Marco Polo decided to see the riches of Asia for himself. In 1271 he traveled from his home in Venice to Constantinople and then along the Silk/Spice Road all the way to China. He lived in the court of Kublai Khan, grandson of Genghis, and then in 1295 traveled by boat south from China around India to the Persian Gulf before going back by land to Venice.
Once back home, Polo wrote of his adventures, in a bestseller for its time. He had seen the wonderful goods Europeans coveted plus so much more. He also portrayed himself as a hero, an important advisor to the Khan, and provided many hard to believe adventures. Some of his personal experiences are considered unreliable, but there is no doubt that his tales of spices, silks, gold, and jewels were accurate and enticing.
Marco Polo’s journey also showed how difficult it was to reach China. Polo spent two years just getting to China from Italy. Even by boat it was too long a journey for a commercial venture, and without the Suez Canal part of it the trip would be overland. Europeans knew what the Earth looked like around the Mediterranean Sea, the name means “middle earth sea,” but they had no idea about the size or shape of Africa. The maps made of the world after Polo’s journey are accurate for the Mediterranean world, the Middle East, and Central Asia, but most of Africa and all of the Americas do not exist.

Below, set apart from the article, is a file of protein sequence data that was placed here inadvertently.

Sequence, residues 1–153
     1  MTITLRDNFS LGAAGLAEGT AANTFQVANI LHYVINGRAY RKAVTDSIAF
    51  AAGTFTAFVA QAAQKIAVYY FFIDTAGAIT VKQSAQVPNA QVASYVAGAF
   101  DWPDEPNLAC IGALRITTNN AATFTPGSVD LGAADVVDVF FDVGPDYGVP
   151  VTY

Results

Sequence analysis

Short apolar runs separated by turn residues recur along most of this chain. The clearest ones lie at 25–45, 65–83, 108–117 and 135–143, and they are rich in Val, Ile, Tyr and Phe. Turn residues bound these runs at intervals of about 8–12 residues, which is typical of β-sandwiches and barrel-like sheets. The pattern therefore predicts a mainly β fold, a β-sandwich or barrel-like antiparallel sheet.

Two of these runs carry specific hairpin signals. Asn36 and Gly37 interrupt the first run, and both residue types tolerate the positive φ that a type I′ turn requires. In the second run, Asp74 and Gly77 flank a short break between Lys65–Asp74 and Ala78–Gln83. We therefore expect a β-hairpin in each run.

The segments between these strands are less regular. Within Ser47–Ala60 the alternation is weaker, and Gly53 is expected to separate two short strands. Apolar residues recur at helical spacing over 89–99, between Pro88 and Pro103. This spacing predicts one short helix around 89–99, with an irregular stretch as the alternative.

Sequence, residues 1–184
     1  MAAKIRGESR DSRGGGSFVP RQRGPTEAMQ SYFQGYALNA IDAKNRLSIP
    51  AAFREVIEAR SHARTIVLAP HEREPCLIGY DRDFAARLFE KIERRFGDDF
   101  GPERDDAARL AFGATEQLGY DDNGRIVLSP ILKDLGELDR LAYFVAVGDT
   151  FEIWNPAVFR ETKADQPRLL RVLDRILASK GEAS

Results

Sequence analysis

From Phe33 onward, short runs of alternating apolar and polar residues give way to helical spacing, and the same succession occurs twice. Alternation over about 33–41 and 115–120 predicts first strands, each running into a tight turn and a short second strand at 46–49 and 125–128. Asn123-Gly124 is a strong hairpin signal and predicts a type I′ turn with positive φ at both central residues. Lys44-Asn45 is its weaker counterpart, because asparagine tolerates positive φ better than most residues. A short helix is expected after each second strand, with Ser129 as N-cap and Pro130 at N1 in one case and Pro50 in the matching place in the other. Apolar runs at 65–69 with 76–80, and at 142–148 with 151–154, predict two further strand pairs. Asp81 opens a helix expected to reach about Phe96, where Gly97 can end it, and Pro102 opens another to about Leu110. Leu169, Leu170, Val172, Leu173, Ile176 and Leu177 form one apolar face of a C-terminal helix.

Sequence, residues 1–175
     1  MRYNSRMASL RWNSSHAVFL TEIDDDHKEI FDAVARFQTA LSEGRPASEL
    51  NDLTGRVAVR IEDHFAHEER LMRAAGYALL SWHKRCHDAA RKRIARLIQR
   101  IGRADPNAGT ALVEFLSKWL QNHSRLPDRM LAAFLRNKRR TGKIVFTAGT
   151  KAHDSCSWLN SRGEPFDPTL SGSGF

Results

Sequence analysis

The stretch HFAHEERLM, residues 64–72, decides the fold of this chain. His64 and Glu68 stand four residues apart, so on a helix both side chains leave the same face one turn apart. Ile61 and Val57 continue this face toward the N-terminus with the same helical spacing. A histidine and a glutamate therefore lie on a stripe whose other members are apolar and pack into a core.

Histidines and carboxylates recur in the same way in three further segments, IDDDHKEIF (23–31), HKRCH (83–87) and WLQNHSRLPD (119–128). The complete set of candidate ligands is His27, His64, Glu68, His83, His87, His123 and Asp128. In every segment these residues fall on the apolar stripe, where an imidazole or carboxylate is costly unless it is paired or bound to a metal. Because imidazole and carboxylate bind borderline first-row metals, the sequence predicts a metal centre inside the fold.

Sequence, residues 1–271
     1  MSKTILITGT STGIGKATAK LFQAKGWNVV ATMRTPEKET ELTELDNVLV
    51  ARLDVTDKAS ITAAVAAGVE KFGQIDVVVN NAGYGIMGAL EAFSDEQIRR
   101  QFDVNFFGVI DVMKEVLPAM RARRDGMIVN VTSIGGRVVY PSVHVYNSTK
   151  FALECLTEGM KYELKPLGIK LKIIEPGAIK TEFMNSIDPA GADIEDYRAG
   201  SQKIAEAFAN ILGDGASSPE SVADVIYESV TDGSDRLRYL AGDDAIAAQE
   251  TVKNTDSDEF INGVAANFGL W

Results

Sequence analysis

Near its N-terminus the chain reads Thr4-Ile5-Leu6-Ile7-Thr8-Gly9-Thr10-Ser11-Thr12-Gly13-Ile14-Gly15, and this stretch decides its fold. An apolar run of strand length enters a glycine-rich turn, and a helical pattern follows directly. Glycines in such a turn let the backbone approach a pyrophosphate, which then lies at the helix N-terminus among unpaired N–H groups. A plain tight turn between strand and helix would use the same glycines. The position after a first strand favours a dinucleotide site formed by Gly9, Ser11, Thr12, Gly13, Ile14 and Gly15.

The problem for Europeans was not where Asia was, but how could one get there quickly and cost efficiently. Today we can compare their predicament with the reason why astronauts have not traveled to Mars. We know how far away it is, but it would take so long to get there, that it is not yet worth our going.
Editors Note: Travis Childs is a history instructor at Cameron University in Lawton, Okla. He is a graduate of Midway High School and lives in Bluegrove. He is currently president of the Clay County Historical Society.